Discover more from Wonkette
Pennsylvania Dems Re-Retake State House In Third Special Election This Year
It's Deja Vu all over again, again. And another special election may be on the way.
Pennsylvania’s House of Representatives re-returned to narrow Democratic control after a special election yesterday — the third special election for the body this year. In an overwhelming 64 percent to 34 percent win, Pittsburgh voters chose Democrat Lindsay Powell over Republican Erin Autenreith, giving Dems a one-seat majority in the state House.
Powell is a former congressional aide who worked for Sen. Chuck Schumer and for Rep. Hakeem Jeffries; she’s currently director of workforce strategies for InnovatePGH, a nonprofit seeking to make Pittsburgh a tech hub. Autenreith is chair of the Shaler Township Republican Committee. The district is heavily Democratic, and Powell becomes the first African-American woman to represent it. She’ll replace former state Rep. Sara Innamorato, a progressive Democrat who was reelected for a third term in last fall’s midterms but resigned in July to run for Allegheny County executive.
We at Wonkette would like to urge members of the Pennsylvania House to try sitting still for a few minutes, since this was the third special election to decide control of the body this year. Last fall, Democrats took a one-vote lead in the House, and we thought that was pretty cool, but we didn’t think we’d have to keep returning to the topic so often.
But before the 2023 legislative session began, there was GOP clusterfuckery: As you may recall — I only dimly remember it myself! — one of the winning Democrats last fall, Tony DeLuca, died before the election but won anyway. Then two other Democrats were nominated to cabinet posts by Gov. Josh Shapiro, so despite the electoral results giving Democrats a 102 to 101-seat lead, Republicans insisted that the speakership should be theirs since there were only 99 actual seated Democrats to the Rs’ 101. The People had spoken, and Republicans didn’t like what they said.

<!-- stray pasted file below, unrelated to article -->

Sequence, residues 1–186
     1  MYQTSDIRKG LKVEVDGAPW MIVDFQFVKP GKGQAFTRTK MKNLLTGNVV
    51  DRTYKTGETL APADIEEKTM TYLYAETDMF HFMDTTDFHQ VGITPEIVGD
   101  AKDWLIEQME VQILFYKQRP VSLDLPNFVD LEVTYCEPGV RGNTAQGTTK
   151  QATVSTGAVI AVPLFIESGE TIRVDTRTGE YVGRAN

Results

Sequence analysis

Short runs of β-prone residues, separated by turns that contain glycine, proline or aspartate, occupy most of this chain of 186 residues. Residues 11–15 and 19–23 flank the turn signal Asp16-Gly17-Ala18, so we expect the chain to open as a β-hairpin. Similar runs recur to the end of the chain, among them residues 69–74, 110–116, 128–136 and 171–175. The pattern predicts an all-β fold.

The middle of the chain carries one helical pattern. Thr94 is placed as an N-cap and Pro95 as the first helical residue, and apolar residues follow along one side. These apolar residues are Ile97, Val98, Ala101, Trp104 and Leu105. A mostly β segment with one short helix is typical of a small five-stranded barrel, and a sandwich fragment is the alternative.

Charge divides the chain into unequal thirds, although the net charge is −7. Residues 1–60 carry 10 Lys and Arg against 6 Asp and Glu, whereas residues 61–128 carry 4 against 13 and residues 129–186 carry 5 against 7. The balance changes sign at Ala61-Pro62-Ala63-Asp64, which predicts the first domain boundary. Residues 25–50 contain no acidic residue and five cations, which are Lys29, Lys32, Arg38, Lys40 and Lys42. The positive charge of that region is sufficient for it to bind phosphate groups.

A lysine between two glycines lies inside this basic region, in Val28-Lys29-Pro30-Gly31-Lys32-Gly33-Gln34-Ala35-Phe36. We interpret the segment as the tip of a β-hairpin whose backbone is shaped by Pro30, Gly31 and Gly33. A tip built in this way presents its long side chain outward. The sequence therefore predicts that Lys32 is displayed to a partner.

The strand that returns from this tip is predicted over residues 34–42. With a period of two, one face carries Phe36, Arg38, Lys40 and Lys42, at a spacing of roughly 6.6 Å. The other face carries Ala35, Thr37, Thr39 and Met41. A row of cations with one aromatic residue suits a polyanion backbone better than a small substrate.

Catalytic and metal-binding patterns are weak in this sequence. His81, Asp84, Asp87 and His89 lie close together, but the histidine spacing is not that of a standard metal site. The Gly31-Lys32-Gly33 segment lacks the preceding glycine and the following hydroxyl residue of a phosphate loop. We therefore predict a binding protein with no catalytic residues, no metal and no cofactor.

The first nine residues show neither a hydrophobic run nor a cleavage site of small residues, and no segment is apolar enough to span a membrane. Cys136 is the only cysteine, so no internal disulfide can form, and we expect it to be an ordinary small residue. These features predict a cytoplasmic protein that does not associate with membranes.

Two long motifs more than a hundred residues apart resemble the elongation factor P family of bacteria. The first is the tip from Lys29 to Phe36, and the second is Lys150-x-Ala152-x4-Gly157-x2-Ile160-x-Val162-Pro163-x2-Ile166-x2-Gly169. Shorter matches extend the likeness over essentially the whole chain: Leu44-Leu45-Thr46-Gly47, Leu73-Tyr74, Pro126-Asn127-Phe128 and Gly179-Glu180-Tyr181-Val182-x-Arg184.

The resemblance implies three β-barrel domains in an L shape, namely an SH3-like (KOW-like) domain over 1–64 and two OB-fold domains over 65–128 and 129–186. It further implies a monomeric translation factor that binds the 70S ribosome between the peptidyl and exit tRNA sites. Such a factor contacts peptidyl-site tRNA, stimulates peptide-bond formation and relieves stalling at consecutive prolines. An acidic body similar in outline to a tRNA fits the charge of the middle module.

Happily, that was resolved semi-amicably in January with a surprise bipartisan vote to name Democrat Mark Rozzi speaker; he agreed to act as a caretaker until all three vacancies were filled in special elections, but there was still a lot of sniping. Finally, in the February 7 special elections, Democrats won all three open seats, and Rozzi handed the speaker’s gavel to Rep. Joanna McClinton.
Dear Readers, it pains us to admit that Yr Wonkette completely missed 2023’s second Pennsylvania power vacuum and special election, for which we’ll just take the New York Times’s word:
In May, Heather Boyd, a Democrat, won a closely watched special election in southeast Delaware County, part of the Philadelphia suburbs. Top Democrats, including President Biden and Governor Shapiro, had framed the contest as crucial to protecting reproductive rights in Pennsylvania.
But on the same day, in a separate special election, Republicans retained a state House seat in north-central Pennsylvania with the triumph of Michael Stender, a school board member and firefighter.
Then in July, Innamorato resigned, the House recessed until the special election, which Powell won, and here we are. We do at least appreciate that so far all the shuffling — a total of five seats — in the Pennsylvania House has ended up with Democrats in the majority again, hooray, which ought to be welcome news for Gov. Shapiro (the state Senate, however, has a solid Republican majority, and none of those guys seem likely to go running for something else).
Oh, hey, wanna hear something funny? In November, Democratic Rep. John Galloway is running for a judgeship, so if he wins — which is likely according to the experts — the state House will be tied up again at 101 seats per party, until whenever the special election for Galloway’s seat can be held.
In conclusion, we still love democracy, but Pennsylvania, boy I don’t know. Somebody stop the record player and we’ll see who’s still standing.
Yr Wonkette is funded entirely by reader donations. If you can, please subscribe, or if it’s more convenient, you can make a one-time donation with the button below, which for all we know may also tip the balance in the Pennsylvania House again.